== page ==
The diagnosis of autoimmune retinopathy (AIR) is primarily based on clinical examination and abnormal electroretinographic and visual field testing findings. Antiretinal antibody (ARA) detection is used to support the diagnosis, but its interpretation is limited by our incomplete understanding of which ARAs are pathogenic and the lack of uniform laboratory methods. Western blot is one ARA detection method that is not standardized.1-4 To determine whether different laboratory techniques affect results in a real-life setting, we compared ARA results from 2 laboratories in patients with AIR. Methods We identified patients from the Massachusetts Eye and Ear Infirmary Uveitis and Retina Services who were suspected to have AIR (January 1, 2008, to January 31, 2012). The diagnosis of AIR was based on characteristic symptoms and findings, abnormal electroretinographic findings, and no history of hereditary retinal disease. We included only those patients who had serum samples sent for ARA Western blot testing simultaneously by 2 laboratories (referred to as laboratory A and laboratory B) that accept samples from outside their own institutions. Sample shipment and handling were performed identically for both laboratories. Laboratory A used human retinal extract with positive controls (serum samples containing a known ARA) and negative controls (using only secondary antibody). Laboratory B used pig retinal extract with normal controls (serum samples of people with no ARA activity). We examined the interlaboratory concordance for any ARA detection and for same-size (within 1 kDa) ARA detection. Results The study included 5 men and 9 women (Table). The mean age was 60 years (range, 33-86 years). Nine patients had ARA detected by both laboratories, yielding an overall concordance rate of 64%. Of the 5 patients with discordant results, 4 had ARA detected by laboratory A but not laboratory B and 1 had ARA detected by laboratory B but not laboratory A. Table. Diagnosis, Clinical and Electroretinographic Findings, and Antiretinal Antibody Testing Results in Patients Suspected to Have Autoimmune Retinopathy Table. Diagnosis, Clinical and Electroretinographic Findings, and Antiretinal Antibody Testing Results in Patients Suspected to Have Autoimmune Retinopathy View LargeDownload Among the 9 patients for whom both laboratories detected ARA, 5 had concordant results for the size of at least 1 ARA band. Therefore, the ARA-specific concordance rate was 36%. Even among these 5 cases in which there was 1 common ARA band detected, 4 patients had additional ARAs detected by one laboratory but not the other (patients 2, 3, 9, and 10). Comment Our study shows that different ARA detection techniques lead to different results in a real-life setting, with only 36% of patients having ARA-specific concordance at 2 commonly used laboratories. This observed discrepancy could affect patient management. For example, in some cases, sending the sample to only 1 laboratory in isolation would have yielded a negative result from one laboratory, potentially leading the physician away from the AIR diagnosis, but a positive result from the other laboratory, potentially leading to treatment with immunosuppressants. This study is limited by the lack of a gold standard against which the Western blot accuracy can be evaluated. The use of human retinal extract by laboratory A might lead to higher sensitivity, explaining in part why that laboratory generally detected more ARA more often. Without a gold standard, it is not possible to make any conclusions. However, these results do support the importance of understanding the methods used by a chosen laboratory so that the physician can interpret results more critically. Our current clinical practice is to send serum samples to at least 2 different laboratories simultaneously. If the laboratories detect the same antibodies, we consider this supportive evidence for the diagnosis. In the future, the ability to use ARA testing to confirm AIR diagnoses will depend not only on increased knowledge of pathogenic ARAs but also on establishing standardized methods across laboratories that produce consistent results. Back to top Article Information Correspondence: Dr Sobrin, Department of Ophthalmology, Massachusetts Eye and Ear Infirmary, 243 Charles St, Boston, MA 02114 (lucia_sobrin@meei.harvard.edu). Author Contributions: Dr Sobrin had full access to all the data in the study and takes responsibility for the integrity of the data and the accuracy of the data analysis. Conflict of Interest Disclosures: None reported. Funding/Support: This work was supported by grant EY16335-02 from the National Institutes of Health, a Career Development Award from Research to Prevent Blindness, a Harvard Catalyst Faculty Development and Diversity Faculty Fellowship, and an Eleanor and Miles Shore 50th Anniversary Fellowship. References 1. Thirkill CE. Cancer-induced, immune-mediated ocular degenerations. Ocul Immunol Inflamm. 2005;13(2-3):119-13116019671PubMedGoogle ScholarCrossref 2. Weleber RG, Watzke RC, Shults WT, et al. Clinical and electrophysiologic characterization of paraneoplastic and autoimmune retinopathies associated with antienolase antibodies. Am J Ophthalmol. 2005;139(5):780-79415860281PubMedGoogle ScholarCrossref 3. Forooghian F, Macdonald IM, Heckenlively JR, et al. The need for standardization of antiretinal antibody detection and measurement. Am J Ophthalmol. 2008;146(4):489-49518672221PubMedGoogle ScholarCrossref 4. Heckenlively JR, Ferreyra HA. Autoimmune retinopathy: a review and summary. Semin Immunopathol. 2008;30(2):127-13418408929PubMedGoogle ScholarCrossref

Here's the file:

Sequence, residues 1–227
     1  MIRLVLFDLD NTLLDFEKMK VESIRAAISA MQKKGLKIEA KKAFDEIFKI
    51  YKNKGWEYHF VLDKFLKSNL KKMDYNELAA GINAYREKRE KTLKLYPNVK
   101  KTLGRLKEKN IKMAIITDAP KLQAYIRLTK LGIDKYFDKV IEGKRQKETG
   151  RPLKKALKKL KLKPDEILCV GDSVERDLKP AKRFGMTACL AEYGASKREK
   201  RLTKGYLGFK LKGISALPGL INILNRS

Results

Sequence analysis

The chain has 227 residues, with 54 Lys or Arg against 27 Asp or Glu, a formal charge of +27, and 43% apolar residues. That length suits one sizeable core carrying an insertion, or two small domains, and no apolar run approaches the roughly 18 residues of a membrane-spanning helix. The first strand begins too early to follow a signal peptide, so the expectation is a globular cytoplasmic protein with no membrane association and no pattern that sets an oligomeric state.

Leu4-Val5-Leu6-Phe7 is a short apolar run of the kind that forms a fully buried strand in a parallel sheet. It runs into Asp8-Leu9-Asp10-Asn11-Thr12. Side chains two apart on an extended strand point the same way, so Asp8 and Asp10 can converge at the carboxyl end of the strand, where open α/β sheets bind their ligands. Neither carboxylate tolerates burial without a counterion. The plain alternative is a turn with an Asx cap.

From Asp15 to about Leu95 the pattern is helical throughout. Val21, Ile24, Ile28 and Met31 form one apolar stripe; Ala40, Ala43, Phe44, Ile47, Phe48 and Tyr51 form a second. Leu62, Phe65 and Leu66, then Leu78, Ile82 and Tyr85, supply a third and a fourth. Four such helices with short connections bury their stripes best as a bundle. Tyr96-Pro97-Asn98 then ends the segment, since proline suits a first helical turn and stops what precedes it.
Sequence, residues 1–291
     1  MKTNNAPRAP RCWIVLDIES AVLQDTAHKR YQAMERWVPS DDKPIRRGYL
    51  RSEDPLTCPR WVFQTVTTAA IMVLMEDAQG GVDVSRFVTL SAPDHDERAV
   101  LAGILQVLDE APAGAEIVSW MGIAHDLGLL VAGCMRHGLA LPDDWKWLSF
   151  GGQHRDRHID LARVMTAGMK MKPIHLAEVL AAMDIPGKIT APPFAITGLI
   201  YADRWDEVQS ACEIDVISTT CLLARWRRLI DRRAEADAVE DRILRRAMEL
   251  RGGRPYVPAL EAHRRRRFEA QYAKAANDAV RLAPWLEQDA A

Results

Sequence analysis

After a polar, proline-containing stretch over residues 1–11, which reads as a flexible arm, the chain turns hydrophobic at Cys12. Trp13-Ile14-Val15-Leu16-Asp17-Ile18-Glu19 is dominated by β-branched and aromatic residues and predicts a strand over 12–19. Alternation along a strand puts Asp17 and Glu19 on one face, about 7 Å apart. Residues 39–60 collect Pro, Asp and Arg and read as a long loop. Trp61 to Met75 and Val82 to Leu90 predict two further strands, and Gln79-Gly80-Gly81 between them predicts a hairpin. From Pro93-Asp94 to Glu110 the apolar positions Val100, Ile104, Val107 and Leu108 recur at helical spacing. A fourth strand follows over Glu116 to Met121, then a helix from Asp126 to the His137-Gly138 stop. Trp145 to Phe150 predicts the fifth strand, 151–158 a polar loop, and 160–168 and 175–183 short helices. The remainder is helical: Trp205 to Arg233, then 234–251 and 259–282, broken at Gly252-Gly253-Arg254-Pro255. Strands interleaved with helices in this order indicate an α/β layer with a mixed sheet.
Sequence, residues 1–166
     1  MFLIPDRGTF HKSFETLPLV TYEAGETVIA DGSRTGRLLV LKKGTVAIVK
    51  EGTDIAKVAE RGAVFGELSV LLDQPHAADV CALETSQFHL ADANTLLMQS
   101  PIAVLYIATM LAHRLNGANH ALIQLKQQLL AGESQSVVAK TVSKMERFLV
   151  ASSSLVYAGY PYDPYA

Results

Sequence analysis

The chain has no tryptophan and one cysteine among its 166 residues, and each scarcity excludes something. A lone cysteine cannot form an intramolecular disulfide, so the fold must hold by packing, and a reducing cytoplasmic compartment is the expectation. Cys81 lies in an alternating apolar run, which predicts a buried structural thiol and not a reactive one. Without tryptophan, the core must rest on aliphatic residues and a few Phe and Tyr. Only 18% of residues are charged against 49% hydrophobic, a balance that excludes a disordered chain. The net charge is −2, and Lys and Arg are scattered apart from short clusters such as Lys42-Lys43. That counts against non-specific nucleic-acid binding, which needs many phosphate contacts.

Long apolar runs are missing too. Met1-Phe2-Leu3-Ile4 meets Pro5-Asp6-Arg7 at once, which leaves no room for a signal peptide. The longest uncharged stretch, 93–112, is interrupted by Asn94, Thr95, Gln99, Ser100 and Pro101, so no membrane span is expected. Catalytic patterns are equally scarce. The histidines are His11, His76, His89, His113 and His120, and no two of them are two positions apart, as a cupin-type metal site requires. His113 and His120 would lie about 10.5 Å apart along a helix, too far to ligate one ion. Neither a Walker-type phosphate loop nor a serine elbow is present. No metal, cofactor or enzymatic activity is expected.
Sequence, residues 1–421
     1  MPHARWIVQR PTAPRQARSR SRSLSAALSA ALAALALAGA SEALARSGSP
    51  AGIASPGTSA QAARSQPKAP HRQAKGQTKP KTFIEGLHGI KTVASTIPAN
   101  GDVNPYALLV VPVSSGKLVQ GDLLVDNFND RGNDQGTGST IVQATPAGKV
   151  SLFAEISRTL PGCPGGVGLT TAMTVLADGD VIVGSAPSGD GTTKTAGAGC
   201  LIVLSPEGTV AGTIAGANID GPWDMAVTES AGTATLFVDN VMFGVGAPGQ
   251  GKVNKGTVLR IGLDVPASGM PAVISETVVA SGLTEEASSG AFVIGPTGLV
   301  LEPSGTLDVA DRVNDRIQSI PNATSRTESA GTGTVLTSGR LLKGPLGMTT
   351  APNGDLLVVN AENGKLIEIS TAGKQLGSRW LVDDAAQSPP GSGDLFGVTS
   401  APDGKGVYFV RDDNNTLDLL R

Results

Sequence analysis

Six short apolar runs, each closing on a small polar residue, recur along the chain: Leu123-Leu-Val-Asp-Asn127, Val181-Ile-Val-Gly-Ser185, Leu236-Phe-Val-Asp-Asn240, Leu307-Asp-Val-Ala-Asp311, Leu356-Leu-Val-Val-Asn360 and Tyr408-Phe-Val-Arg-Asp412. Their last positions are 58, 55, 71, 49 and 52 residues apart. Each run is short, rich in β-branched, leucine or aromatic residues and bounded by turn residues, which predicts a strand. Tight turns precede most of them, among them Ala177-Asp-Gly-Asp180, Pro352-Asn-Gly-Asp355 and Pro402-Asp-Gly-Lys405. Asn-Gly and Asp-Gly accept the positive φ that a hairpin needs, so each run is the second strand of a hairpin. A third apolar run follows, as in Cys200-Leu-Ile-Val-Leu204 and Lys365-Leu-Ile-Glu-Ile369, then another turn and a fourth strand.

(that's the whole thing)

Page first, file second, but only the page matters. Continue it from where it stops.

Journal

JAMA OphthalmologyAmerican Medical Association

Published: Jan 1, 2013

References